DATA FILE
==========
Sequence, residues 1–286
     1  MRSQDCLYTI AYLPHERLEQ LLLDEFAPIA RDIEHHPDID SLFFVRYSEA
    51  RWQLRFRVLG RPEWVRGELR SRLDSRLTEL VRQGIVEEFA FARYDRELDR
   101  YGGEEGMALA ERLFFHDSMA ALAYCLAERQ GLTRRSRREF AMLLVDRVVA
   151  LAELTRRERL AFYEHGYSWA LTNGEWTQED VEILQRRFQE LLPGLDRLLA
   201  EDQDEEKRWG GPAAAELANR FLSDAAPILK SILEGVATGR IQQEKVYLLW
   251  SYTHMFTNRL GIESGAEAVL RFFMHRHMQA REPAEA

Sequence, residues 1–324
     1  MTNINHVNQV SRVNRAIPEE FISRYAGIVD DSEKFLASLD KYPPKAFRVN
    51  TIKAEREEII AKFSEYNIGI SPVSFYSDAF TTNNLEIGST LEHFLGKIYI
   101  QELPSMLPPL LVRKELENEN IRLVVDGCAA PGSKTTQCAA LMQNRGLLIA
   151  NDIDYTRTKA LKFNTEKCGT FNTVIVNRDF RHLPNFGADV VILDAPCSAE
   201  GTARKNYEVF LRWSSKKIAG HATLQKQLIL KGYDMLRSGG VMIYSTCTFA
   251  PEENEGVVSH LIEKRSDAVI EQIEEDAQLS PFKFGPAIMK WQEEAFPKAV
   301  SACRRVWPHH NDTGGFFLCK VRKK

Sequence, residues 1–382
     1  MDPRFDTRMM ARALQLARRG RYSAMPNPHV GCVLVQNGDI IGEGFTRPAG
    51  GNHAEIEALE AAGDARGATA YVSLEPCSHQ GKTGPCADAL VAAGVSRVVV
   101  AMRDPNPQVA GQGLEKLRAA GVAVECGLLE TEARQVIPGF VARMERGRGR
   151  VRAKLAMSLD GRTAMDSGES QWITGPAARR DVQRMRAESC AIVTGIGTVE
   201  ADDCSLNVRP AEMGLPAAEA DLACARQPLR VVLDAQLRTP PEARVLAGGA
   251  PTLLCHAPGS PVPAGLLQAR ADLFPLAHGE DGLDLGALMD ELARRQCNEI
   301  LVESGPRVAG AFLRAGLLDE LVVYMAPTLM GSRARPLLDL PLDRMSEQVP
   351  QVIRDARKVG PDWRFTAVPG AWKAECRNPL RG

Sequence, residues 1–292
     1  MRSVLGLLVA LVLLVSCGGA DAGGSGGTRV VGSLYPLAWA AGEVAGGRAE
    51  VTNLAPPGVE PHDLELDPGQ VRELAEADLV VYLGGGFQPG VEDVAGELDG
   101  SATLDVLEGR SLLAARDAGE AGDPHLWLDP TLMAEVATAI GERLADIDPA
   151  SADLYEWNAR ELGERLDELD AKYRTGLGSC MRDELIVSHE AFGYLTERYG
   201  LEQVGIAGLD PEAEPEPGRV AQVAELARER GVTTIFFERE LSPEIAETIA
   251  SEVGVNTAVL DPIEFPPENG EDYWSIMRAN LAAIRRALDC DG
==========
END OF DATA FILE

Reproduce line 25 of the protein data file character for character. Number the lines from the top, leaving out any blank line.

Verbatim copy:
Sequence, residues 1–292